Not long ago, the FCC fined venerable AT&T $25 million following a data breach that impacted nearly 280,000 of its customers. What is especially telling is the story behind that breach. Like many other consumer-heavy companies, AT&T had engaged international call centers to handle inquiries, specifically in Mexico, Columbia, and the Philippines. Thieves, aka “unauthorized third parties” evidently targeted employees in these centers and offered compensation for sensitive customer information. “At least two employees believed to have engaged in the unauthorized access confessed that they sold the information obtained from the breaches to a third party, known to them as “El Pélon.”
Not only was AT&T levied a hefty fine, they were directed by the FCC to develop and implement a compliance plan to ensure appropriate processes and procedures were incorporated into their business practices to protect consumers against similar data breaches in the future. Specific measures included appointing a compliance officer, conducting a risk assessment and implementing an information security program. It makes you wonder why those steps weren’t taken in the first place. If it can happen to AT&T, what can the rest of us do? Short answer – plenty, starting with learning from AT&T’s missteps in dealing with Third Party Risk Management.
Failure to monitor. Bad news doesn’t get better with time. The breach in question happened over a. Not only were three vendor employees in Mexico involved, but the FCC learned of additional breaches in Columbia and the Philippines due to unauthorized access of sensitive customer data by forty additional 3rd party employees. 168 days is nearly six months of unfettered access, and evidently that anomalous activity was not detected and reported by AT&T before significant damage was done.
Failure to put a comprehensive 3rd party risk management program in place. 3rd party risk is one of the most vulnerable points in a company’s operations, but is often overlooked in risk management mitigation. FCC found AT&T’s failure to reasonably secure their customers’ personal information was an unjust an unreasonable practice – not what consumers want to hear about a company they trust with their sensitive data.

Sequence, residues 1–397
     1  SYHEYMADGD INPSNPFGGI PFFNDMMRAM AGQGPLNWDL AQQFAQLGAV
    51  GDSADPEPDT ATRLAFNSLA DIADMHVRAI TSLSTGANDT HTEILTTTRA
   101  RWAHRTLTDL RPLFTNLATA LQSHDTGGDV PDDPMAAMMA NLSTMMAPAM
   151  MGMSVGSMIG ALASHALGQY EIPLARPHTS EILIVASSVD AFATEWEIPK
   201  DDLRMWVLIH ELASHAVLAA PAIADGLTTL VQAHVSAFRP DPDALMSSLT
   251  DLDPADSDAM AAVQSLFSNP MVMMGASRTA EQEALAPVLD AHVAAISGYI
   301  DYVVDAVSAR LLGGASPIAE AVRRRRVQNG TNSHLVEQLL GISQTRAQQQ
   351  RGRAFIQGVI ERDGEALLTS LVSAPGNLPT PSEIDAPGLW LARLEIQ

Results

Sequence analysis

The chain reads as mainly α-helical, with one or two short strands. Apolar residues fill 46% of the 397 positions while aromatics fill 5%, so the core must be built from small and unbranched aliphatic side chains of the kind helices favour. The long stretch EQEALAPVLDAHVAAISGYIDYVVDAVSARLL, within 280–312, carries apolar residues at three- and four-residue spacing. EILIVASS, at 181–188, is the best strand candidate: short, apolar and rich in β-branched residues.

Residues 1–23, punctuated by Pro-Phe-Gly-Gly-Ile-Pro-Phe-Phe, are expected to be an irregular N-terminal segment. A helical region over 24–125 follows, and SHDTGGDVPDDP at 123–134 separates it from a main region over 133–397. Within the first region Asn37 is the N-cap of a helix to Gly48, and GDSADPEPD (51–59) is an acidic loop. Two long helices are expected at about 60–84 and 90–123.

Failure to conduct regular risk assessments. AT&T’s failure to conduct risk assessments, including onsite inspections, is a notable failure. Assessments of different types should have been standard and ongoing practice.
The fact is that every third-party vendor is a potential risk liability. Establishing a functional and up-to-date risk management program is critical to an effective approach for safeguarding sensitive information. No company sets out to fail, but poorly executed 3rd party risk management usually doesn’t demand attention until the damage is done.
To set your program up for success, the key is incorporating your third-party risk into a strong centralized program. You know all too well your organization’s time and resources are stretched. Centralizing your vendor-related communications, data, and reporting is more efficient and effective in surfacing potential issues before they become huge headaches. When you perform third party management as a series of individual tasks rather than an integrated, data-driven process, chances are you are wasting resources for an inferior result.
It pays to be curious. Screen your third-party providers carefully and make sure you are asking the right questions. Know when to dig deeper and know what to look for. In order to effectively and responsively function, your third-party risk management program should be integrated, transparent, accessible and automated.
Every company who uses 3rd party resources needs to understand assessing vendor risk is an operational and data-driven operation. Your process can only be as effective and efficient as the scope, currency, and accuracy of your information. We can all learn from the failures of others, and equip our third-party risk management programs to succeed where others fail.
Founder Dinis Guarda
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